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Turkey Warns of Syrian Intervention to Protect Ancient Tomb

  • Dorian Jones

This undated file image posted on a militant website on Tuesday, Jan. 14, 2014 shows fighters from the al-Qaida linked Islamic State of Iraq and the Levant (ISIS) marching in Raqqa, Syria.

This undated file image posted on a militant website on Tuesday, Jan. 14, 2014 shows fighters from the al-Qaida linked Islamic State of Iraq and the Levant (ISIS) marching in Raqqa, Syria.

Turkey has warned it will take any necessary steps to protect the Suleyman Shah tomb in Syria if it comes under attack. The tomb, which is protected by Turkish soldiers, is located in the city of Aleppo in Syria near the Turkish border and Ankara considers it to be Turkish territory.

Turkey’s political leadership has reacted strongly to a threat made by the radical group Islamic State of Iraq and Syria or ISIS, to attack the Suleyman Shah tomb protected by Turkish soldiers in Syria. Tensions recently have been on the rise with Ankara strongly condemning ISIS’s tactics in Syria.

Turkish Prime Minister Recep Tayyip Erdogan, in a television interview said everything would be done to protect the tomb saying it is Turkish property under the guarantee of international agreements. He said any attack on the tomb would be considered an attack on Turkey.

Suleyman Shah was the grandfather of the founder of the Ottoman Empire. In a deal between France and Turkey in 1921 when Syria was under French rule, the tomb and a 25-kilometer area surrounding it became Turkish territory. A Turkish flag flies above it.

Sinan Ulgen, a visiting scholar for the Carnegie Europe institute, says Ankara is serious about its threat to intervene.

"There is now a threat to ISIS to that shrine; there are 25 Turkish soldiers currently there and the Turkish government takes this threat seriously because it is Turkish territory," said Ulgen.

Since the outbreak of the Syrian civil war, Ankara has strongly backed the Syrian rebels. Turkish forces have been massed along the 900-kilometer Syrian border for more than a year.

Diplomatic columnist Semih Idiz of the Turkish newspaper Taraf and Al Monitor website says any incursion into Syria could be for the long term.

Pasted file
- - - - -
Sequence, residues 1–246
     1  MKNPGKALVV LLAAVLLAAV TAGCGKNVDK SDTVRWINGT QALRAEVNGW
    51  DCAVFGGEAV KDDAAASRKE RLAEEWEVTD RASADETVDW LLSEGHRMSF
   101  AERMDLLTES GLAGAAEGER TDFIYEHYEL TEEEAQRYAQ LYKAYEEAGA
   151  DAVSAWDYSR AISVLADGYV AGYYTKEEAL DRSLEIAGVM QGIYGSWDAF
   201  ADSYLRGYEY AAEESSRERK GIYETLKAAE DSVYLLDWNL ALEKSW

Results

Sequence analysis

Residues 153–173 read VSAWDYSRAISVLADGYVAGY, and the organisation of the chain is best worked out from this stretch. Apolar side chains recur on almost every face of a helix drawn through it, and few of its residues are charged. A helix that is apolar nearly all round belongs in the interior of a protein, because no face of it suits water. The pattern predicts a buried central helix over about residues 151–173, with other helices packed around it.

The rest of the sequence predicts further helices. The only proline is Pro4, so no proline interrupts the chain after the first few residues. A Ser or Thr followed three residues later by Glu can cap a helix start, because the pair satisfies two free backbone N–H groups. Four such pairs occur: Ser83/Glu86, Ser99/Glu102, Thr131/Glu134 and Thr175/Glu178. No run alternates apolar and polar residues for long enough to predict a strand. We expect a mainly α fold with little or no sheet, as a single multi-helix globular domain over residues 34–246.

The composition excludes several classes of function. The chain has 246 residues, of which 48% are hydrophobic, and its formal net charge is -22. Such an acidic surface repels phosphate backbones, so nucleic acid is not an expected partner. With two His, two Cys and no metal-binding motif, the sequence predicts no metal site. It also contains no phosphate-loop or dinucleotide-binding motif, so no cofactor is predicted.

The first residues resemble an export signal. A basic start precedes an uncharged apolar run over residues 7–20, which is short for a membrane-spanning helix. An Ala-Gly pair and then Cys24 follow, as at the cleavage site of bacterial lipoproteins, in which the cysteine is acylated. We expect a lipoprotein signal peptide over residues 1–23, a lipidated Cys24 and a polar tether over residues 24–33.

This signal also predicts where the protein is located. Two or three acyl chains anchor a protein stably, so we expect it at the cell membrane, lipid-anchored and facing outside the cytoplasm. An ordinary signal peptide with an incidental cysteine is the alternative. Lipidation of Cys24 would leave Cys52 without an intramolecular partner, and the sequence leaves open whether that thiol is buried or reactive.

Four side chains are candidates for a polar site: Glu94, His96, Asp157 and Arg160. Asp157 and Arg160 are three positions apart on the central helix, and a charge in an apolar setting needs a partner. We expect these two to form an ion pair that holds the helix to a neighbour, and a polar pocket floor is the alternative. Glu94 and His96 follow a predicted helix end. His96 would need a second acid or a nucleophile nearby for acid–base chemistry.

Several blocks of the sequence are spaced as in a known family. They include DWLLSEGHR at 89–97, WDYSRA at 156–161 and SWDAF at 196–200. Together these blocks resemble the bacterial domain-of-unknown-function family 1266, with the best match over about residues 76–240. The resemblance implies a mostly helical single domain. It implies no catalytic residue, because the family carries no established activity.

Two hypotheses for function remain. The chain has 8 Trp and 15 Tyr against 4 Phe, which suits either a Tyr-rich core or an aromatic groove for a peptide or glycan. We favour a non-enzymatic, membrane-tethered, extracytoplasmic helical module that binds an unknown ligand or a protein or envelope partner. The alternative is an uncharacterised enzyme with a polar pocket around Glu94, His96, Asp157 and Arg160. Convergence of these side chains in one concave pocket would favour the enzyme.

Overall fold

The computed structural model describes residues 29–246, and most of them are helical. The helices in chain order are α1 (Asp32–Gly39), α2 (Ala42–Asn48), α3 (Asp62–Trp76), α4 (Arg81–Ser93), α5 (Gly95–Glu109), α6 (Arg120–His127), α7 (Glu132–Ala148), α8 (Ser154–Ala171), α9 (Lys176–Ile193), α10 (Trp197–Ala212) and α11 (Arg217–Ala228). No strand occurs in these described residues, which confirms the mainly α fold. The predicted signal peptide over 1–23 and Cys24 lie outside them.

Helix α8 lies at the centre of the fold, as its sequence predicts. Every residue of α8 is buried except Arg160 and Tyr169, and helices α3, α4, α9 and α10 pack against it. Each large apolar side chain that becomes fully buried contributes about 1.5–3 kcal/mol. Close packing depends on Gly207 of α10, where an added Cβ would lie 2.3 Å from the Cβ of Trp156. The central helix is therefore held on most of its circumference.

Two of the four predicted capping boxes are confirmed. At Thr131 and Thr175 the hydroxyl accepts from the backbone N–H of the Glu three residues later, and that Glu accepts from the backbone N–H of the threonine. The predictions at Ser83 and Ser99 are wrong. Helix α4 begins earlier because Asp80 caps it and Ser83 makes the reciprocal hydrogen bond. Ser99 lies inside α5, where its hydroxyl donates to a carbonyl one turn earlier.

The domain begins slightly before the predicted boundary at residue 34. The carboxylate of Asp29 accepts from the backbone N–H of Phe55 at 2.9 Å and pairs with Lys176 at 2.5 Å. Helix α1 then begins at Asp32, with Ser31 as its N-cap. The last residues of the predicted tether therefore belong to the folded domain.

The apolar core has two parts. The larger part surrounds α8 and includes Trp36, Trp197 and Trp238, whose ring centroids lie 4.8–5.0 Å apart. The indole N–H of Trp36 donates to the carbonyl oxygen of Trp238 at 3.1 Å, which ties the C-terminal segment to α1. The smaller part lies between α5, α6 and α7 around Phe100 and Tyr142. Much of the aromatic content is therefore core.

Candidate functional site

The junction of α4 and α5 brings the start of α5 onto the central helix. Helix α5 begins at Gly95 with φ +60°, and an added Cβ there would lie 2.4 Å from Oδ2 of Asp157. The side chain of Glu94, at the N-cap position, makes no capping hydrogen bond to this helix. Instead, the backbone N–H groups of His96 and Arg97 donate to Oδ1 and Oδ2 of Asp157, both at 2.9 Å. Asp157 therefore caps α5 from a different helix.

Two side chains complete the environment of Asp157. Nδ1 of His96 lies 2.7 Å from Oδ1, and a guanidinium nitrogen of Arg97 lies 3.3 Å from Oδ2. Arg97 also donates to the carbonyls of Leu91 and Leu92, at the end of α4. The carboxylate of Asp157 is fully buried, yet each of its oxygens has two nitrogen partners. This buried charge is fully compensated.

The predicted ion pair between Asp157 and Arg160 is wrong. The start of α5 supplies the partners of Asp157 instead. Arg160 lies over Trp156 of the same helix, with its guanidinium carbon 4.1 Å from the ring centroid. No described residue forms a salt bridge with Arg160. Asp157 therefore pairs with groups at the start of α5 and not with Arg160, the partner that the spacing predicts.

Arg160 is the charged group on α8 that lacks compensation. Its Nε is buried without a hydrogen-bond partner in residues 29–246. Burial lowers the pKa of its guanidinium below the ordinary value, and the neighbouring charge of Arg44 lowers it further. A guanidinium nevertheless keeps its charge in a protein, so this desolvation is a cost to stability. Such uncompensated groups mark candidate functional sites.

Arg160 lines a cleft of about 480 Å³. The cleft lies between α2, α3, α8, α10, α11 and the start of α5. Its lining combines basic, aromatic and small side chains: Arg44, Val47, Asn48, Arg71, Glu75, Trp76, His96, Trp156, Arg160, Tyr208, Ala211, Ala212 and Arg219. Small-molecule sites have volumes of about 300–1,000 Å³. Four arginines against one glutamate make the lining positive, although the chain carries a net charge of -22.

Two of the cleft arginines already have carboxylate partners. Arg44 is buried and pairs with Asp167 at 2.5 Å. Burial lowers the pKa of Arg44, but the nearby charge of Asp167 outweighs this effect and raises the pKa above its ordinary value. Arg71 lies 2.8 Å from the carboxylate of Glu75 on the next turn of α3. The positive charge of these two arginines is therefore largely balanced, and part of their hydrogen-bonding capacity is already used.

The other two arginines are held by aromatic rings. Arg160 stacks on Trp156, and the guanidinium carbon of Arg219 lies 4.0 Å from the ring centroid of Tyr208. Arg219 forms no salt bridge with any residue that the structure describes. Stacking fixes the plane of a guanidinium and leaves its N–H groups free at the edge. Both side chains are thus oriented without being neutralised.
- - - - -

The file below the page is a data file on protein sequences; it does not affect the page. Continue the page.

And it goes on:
"I can foresee a period where Turkish forces go in there, but not only go there to protect the tomb; to actually create a safety buffer zone around it and maybe even open a corridor between mainland Turkey and the region," said Idiz.

Turkish-Syrian tensions have been on the rise. Last week, Turkish fighter jets shot down a Syrian bomber after Ankara claimed it violated its airspace, a charge Damascus denies. In the past few days, the Turkish military has alleged Syrian air defenses locked their missiles on its planes. Ulgen says any incursion into Syria to protect its forces is an extremely risky move.

"An incursion deep into Syrian territory [of] Turkish expeditionary forces to reprisal attacks by not only extremists groups but by also possibly by Syrian regime as well and from that point onward Turkey would be implicated in the Syrian war," said Ulgen.

Turkish opposition parties oppose the government’s support of the Syrian rebels. They have accused the prime minister of trying to provoke a conflict with Syria in order to change the political agenda, which remains focused on high level government corruption allegations, a charge angrily dismissed by ministers.

Columnist Idiz says the government will have to finely calibrate any intervention into Syria.

"Whatever operation Turkey engages in as a result of this tomb will have to be seen as a self-defense operation or an operation in response to an attack rather than as a stepping stone to start attacking Syrian forces; because that could turn public opinion against the government and against an operation," said Idiz.

Opinion polls indicate there is little backing for government support of the Syrian opposition. Observers, however, say the government will be looking to the country's strong nationalist sentiments to back any operation into Syria, whatever the dangers.
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